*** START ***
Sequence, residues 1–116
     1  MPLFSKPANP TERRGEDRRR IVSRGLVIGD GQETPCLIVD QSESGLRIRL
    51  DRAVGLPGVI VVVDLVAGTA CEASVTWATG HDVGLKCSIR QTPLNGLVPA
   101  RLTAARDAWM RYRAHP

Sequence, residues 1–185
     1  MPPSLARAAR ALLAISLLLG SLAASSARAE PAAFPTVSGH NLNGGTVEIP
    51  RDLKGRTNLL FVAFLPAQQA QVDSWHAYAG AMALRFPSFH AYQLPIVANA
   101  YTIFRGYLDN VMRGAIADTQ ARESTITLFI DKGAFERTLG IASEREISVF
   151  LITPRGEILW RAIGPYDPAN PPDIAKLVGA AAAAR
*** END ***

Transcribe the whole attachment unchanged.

Sequence, residues 1–116
     1  MPLFSKPANP TERRGEDRRR IVSRGLVIGD GQETPCLIVD QSESGLRIRL
    51  DRAVGLPGVI VVVDLVAGTA CEASVTWATG HDVGLKCSIR QTPLNGLVPA
   101  RLTAARDAWM RYRAHP

Sequence, residues 1–185
     1  MPPSLARAAR ALLAISLLLG SLAASSARAE PAAFPTVSGH NLNGGTVEIP
    51  RDLKGRTNLL FVAFLPAQQA QVDSWHAYAG AMALRFPSFH AYQLPIVANA
   101  YTIFRGYLDN VMRGAIADTQ ARESTITLFI DKGAFERTLG IASEREISVF
   151  LITPRGEILW RAIGPYDPAN PPDIAKLVGA AAAAR